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A Cross [Word] to Bear » Jolana Malkston
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Sep 022014

Jolana Malkston 4It happened gradually, this addiction to crossword puzzles. It sneaked up on me while I was unaware. Before I knew it, I was hooked.

I suppose the seeds of my addiction were planted subconsciously as I listened to New York Times puzzle master Will Shortz and his word games on NPR every Sunday morning while I got ready for church. I played along and didn’t do half-badly. I didn’t do half-goodly either, but I did enjoy it. Boredom and the preservation of sanity proved to be the fertilizer that helped to grow the addiction to full flowering.

Newspaper Crossword 1Following surgery, I developed postoperative complications that landed me back in the hospital. There isn’t much to do when one is laying flat on one’s back in a hospital bed for two and a half weeks. I read all the books Macho Guy brought to me, and then I was at the mercy of The Tube. Boredom set in rather quickly, and loss of sanity threatened to follow on boredom’s heels. Trust me when I say that one can watch only a limited number of daytime television talk or reality shows before tearfully begging to be transferred to the psych ward.

Macho Guy began leaving the newspaper behind for me after his daily visits. Grasping at whatever straws promised the retention of sanity, I solved the paper’s crossword puzzle. It felt good to let my brain cells feast on something challenging after hours of feeding them mindless broadcast drivel. I looked forward to my daily vocabulary romp. I mentioned my newfound fascination with crossword puzzles to Macho Guy and asked for more puzzles to solve. He obliged by showing up for his next visit with an armful of puzzle books.

Macho Guy became my enabler. Crossword puzzle books showed up as stocking stuffers every Christmas from then on. Macho Guy spread the news to other family members who presented me with puzzle books for birthdays and Mother’s Day. They became my favorite gifts to receive—second only to dark chocolate.

After a while, I noticed that each crossword puzzle author has his own shtick—something or someone who appears in his puzzles on a regular basis. There is one who always manages to get part of Mao Tse Dung’s name in just about every puzzle. Another seems fascinated with Ché Guevara. A less revolutionary but more literary type always makes room for Charles Lamb’s alter ego Elia. Another favors including the names of iconic movie stars of filmdom’s golden age. [That is to say iconic stars—like Gable and Lombard, Tracy and Hepburn—who performed in films before spectacular overblown special effects overshadowed the actors and became the biggest stars of motion pictures.]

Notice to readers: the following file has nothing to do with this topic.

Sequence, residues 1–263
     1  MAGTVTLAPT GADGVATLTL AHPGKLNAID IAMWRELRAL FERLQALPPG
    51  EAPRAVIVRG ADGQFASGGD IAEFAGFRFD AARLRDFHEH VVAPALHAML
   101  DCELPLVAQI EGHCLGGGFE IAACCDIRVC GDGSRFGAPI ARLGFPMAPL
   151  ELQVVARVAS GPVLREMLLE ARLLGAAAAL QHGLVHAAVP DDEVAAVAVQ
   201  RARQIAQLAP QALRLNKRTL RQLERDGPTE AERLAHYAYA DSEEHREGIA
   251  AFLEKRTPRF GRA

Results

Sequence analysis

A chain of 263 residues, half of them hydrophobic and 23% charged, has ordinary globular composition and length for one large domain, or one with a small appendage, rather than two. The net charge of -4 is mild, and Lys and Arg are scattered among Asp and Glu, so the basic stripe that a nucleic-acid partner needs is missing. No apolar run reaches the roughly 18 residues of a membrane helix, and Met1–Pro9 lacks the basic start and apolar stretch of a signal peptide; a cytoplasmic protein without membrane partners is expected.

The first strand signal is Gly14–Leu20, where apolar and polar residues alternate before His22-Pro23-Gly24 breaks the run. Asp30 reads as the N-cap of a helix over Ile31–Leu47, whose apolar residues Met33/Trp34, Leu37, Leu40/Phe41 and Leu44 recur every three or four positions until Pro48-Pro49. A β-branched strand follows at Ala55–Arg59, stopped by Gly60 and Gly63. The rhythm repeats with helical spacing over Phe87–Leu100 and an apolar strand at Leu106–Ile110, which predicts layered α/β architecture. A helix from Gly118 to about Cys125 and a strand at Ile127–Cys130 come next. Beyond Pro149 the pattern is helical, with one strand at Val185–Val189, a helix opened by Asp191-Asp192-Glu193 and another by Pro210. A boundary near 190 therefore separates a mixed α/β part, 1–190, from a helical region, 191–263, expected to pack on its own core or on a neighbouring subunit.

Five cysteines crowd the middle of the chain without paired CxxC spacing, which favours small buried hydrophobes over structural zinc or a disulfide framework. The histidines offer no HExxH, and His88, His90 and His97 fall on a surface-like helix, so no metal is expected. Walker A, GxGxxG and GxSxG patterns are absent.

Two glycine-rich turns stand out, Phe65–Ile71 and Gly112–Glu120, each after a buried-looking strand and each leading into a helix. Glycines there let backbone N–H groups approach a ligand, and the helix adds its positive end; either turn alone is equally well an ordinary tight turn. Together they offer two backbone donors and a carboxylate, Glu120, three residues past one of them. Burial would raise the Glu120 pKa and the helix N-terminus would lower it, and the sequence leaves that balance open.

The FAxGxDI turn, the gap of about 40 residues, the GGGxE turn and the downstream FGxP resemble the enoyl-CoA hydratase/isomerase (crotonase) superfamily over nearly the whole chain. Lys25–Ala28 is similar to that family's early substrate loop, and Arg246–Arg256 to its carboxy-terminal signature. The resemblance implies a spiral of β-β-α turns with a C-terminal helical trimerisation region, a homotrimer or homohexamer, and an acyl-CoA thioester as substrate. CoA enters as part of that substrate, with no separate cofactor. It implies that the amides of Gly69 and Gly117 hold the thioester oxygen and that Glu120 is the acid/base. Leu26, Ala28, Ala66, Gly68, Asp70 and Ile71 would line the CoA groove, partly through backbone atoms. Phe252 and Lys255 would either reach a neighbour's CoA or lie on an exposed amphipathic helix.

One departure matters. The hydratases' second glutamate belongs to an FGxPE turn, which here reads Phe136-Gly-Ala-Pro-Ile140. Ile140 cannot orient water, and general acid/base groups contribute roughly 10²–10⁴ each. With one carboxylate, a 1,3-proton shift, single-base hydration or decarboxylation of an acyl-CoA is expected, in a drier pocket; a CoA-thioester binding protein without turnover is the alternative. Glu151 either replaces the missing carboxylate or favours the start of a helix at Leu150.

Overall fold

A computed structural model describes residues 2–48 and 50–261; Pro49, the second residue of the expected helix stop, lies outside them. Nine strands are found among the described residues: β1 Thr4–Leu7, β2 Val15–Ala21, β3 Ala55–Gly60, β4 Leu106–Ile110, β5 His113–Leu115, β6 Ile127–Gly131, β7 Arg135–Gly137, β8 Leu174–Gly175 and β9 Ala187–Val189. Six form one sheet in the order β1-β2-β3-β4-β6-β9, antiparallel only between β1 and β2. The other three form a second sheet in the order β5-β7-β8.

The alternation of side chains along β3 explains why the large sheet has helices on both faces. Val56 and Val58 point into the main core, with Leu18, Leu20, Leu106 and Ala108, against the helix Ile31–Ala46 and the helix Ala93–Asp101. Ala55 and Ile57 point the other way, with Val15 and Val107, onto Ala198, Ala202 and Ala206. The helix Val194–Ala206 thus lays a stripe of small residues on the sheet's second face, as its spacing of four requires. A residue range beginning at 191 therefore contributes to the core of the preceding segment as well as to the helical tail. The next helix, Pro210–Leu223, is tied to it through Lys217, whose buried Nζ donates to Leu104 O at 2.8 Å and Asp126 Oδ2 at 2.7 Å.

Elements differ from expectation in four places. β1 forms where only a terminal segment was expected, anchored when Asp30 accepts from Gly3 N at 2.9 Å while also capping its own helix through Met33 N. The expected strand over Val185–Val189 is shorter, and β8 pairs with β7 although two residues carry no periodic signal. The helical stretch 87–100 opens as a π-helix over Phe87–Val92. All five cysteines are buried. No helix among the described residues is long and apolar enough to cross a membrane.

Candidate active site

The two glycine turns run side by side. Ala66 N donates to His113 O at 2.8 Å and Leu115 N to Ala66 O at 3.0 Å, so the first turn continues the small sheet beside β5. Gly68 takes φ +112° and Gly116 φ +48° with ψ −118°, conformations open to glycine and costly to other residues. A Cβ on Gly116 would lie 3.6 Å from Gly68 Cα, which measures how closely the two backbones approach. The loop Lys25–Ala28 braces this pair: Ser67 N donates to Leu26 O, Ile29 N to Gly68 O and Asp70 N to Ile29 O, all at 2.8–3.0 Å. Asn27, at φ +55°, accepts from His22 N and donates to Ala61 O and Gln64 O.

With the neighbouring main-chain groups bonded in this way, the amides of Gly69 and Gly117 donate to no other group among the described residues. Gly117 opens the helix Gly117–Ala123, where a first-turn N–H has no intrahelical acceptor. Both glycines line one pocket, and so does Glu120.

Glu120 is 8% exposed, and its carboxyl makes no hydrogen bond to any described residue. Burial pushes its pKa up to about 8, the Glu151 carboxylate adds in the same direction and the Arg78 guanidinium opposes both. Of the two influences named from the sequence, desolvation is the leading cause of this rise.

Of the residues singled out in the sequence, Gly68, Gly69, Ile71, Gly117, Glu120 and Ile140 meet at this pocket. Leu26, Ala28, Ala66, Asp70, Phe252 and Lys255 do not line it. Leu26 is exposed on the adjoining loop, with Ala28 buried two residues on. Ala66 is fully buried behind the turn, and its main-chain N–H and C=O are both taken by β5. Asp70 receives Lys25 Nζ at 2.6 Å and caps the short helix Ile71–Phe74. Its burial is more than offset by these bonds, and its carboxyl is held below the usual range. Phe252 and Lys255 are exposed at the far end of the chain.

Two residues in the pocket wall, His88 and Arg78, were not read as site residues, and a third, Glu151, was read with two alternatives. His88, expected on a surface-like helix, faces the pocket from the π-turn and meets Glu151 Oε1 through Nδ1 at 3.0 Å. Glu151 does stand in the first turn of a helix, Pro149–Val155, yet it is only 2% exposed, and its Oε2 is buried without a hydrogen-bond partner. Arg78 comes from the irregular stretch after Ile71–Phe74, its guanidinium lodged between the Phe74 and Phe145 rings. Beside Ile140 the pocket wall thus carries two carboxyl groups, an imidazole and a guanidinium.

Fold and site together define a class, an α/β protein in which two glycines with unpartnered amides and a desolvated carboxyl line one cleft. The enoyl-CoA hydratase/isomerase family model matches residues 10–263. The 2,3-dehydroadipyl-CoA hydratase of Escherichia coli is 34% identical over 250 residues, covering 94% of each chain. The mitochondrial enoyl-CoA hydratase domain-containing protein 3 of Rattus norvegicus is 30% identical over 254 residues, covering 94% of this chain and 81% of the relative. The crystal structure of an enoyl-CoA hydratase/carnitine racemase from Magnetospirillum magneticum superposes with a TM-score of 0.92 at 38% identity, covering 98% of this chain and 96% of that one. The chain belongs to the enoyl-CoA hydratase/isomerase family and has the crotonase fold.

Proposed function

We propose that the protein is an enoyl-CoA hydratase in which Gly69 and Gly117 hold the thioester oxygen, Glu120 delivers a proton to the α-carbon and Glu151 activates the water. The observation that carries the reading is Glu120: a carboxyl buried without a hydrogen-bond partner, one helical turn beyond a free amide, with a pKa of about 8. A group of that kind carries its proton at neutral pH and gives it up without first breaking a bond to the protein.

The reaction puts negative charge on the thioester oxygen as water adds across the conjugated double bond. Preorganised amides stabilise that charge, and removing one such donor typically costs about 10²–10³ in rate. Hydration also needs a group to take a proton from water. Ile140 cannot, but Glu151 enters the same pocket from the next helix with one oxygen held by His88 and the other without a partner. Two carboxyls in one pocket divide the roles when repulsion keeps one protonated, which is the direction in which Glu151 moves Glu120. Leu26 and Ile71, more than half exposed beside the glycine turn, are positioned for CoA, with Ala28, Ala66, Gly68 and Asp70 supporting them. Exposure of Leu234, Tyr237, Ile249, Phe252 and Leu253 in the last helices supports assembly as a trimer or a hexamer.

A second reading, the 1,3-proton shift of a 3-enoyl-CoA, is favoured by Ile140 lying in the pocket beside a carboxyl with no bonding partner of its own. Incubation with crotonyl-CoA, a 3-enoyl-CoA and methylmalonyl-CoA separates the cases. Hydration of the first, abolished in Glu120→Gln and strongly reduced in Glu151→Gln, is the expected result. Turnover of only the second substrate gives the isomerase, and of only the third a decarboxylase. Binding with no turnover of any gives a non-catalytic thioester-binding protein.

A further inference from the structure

The more obscure the clues, the more difficult the puzzle. In my opinion, some of those obscure clues reach beyond the reasonable—like the ninth and uncommonly used definition of a little-known word. As an English Major, I am loath to look up possible answers to the obscure clues. It’s a matter of pride. I would be breaking the unspoken covenant with the puzzle’s creator if I were to look up the answer to a clue. It would be no different than turning to the page on which the puzzle’s solution is printed. Cheating. That’s what it would be. Cheating, like copying someone else’s answers on a test. Unthinkable.

My self-righteousness didn’t last long. Yes, I cheated. You knew I would. Well, I had to. When I couldn’t figure out a clue, it drove me nuts and not only because I couldn’t complete the puzzle. I couldn’t get the darn clue out of my mind until I learned the answer. It was no different for me than when a song stuck in my mind and I couldn’t stop humming or singing it. Gahhhhh! So, I got out my trusty iPhone and found a crossword puzzle dictionary. Whenever necessary, I feed it the obscure clues and it spits out a list of possible answers from which I may choose. Instant relief is mine.

It was inevitable that one puzzle addiction would lead to another, like a gateway drug leads to the more powerful stuff. I discovered Jumble. 7 Little Words. Up & Down Words. Word Search. And even though I’m math challenged, I’ve succumbed to Sudoku. I’m sure there is an endless supply of puzzles to which I can become addicted. I just haven’t found them yet.

Right at this moment, a section of today’s newspaper containing the puzzle page rests on a tabletop a few feet away from me, and it is calling my name. I’d like nothing better than to drop everything and start solving all the puzzles, but when I’m done here, my unfinished manuscript has dibs on my time. The puzzle page will have to wait until I’m done writing for the day. ::sigh::

So tell me—is anyone else out there caught under the spell of an unsolved puzzle? Are you addicted to a different guilty pleasure? Post a comment and tell me all about it. I’m all ears. No, wait a sec. I’ll be reading it. Forget the ears. I’m all eyes. 🙂

  2 Responses to “A Cross [Word] to Bear”

  1. I love to play Solitaire when I need a brain break but I love the challenge of the Mahjong tiles. Mine are only online but it gives me a break from over thinking about things. I haven’t gotten into the crossword puzzle excitement yet.

  2. You never fail to entertain. Thanks for sharing. Crossword puzzles were my gateway. I also love, love, love the cryptograms. Have been known to spend days, yes days, in solving them. Alas, they are not as prevalent lately. Is the universe trying to tell me something I wonder?

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